Culture Shock's Geoff Diederich on straight-edge and why Denver can be boring
Hardcore bands are often the sum of their members' influences. Not so with Culture Shock: The band's music, lyrics and imagery come almost exclusively from the mind of frontman and founder Geoff Diederich. "The whole point of this band was to try and sound like SSD [Society System Decontrol] if they had made a record between Kids Will Have Their Say and Get It Away," says Diederich. "When you listen to those songs, they're angry and desperate and weird, and oftentimes they don't even make sense."
Culture Shock's demo cover.
Using the early SSD catalogue and 1980s American hardcore as his touchstones, Diederich has set out to re-create the sounds of the violent, ignorant and indignant youth of a generation past. "I always felt like the bands of the '80s had it down," he says. "Their records sounded confused, as if they had the feelings but no idea how to process them. It felt like when you were a kid. I think it's rare nowadays to get that feeling from a band, that confusion, so that's what we went for."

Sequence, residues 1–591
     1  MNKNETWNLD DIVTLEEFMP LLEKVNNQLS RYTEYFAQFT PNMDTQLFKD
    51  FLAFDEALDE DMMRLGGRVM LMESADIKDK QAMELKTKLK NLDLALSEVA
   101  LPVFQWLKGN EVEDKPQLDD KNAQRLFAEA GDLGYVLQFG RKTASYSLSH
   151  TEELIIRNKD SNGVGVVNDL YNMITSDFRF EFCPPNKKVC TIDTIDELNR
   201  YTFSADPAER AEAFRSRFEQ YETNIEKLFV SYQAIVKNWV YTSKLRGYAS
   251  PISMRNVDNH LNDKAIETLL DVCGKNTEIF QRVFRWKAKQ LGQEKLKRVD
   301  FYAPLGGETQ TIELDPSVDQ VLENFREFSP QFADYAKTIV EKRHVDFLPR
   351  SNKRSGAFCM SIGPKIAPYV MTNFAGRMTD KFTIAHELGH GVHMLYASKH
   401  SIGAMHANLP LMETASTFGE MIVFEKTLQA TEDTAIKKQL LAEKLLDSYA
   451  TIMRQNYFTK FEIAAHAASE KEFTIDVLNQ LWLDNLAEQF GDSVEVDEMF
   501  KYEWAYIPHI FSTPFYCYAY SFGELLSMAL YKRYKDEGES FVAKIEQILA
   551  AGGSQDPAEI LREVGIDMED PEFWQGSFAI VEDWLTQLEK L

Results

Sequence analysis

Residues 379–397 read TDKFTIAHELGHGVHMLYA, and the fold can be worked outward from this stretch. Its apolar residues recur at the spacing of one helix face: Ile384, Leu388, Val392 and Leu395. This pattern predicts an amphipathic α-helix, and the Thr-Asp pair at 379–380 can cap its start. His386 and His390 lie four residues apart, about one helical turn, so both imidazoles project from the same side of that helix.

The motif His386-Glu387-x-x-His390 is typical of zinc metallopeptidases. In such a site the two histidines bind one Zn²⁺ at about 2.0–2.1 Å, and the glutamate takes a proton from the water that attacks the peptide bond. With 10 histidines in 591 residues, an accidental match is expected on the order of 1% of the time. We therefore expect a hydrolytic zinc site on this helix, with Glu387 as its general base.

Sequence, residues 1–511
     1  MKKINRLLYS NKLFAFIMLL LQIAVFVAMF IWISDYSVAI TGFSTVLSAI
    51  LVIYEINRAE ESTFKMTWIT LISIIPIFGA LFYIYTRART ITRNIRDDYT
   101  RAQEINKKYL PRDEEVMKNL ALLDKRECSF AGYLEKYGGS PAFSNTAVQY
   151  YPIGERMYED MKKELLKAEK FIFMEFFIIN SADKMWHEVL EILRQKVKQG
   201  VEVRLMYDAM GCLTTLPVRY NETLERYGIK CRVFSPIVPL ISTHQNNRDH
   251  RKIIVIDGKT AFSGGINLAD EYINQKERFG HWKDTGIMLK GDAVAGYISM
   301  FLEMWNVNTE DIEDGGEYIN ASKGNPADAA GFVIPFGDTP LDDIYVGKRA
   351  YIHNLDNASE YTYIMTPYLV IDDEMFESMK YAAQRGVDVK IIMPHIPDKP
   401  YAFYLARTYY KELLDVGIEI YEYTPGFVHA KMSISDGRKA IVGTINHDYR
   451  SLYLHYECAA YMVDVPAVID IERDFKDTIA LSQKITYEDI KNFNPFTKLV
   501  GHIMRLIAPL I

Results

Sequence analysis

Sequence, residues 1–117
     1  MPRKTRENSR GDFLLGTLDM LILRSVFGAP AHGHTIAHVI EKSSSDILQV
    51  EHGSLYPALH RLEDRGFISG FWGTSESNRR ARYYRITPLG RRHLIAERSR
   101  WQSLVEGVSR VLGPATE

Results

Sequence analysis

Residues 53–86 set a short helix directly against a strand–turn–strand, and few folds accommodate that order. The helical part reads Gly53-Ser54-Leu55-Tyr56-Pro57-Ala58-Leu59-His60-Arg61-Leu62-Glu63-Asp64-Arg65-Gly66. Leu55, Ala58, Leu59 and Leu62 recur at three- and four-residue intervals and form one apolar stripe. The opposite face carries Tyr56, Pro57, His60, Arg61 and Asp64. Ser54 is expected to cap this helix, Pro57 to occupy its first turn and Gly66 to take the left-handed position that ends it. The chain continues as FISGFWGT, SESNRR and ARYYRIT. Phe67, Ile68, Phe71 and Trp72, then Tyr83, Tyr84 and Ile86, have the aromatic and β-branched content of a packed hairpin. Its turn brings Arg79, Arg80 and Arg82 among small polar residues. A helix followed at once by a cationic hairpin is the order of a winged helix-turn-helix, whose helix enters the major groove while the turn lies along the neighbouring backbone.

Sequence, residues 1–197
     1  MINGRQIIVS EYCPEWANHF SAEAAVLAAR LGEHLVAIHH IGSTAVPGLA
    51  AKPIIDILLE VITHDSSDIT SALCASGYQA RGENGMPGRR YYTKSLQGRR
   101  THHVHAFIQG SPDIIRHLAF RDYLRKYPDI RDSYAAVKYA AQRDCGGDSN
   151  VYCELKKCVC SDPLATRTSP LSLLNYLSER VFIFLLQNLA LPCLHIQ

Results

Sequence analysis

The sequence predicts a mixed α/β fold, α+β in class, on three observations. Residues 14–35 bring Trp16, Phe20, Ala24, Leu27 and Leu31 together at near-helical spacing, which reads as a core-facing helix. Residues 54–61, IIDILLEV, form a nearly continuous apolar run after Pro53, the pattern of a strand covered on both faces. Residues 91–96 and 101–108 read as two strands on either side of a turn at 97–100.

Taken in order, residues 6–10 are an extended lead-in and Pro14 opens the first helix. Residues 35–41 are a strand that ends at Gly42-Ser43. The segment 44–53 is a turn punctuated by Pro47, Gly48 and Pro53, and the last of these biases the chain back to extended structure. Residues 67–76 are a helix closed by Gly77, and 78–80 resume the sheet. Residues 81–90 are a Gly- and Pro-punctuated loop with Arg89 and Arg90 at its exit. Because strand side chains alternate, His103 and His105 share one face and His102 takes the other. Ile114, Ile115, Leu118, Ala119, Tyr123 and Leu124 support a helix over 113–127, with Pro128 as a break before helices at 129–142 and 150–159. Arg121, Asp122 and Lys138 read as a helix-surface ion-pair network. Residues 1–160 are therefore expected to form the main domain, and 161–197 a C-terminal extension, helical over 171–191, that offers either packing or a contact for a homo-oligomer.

A native of Ohio -- a place separated from Colorado not just by distance, but also by attitude -- Diederich spent much of last year working on his doctoral thesis at the University of Denver while channeling his frustrations with his new home into the Culture Shock demo. "I come from Cleveland, which is not a huge city for straight-edge hardcore, but substance use there was different. People got violent when they drank at shows, and you got worried about people getting into drugs. In Denver, it all just seems sterile. People smoke weed and act like mountain hippies and talk about microbrews. To me, it's infuriatingly boring. I think that's what really pushed me into this over-the-top mode -- how normal and blasé it all was."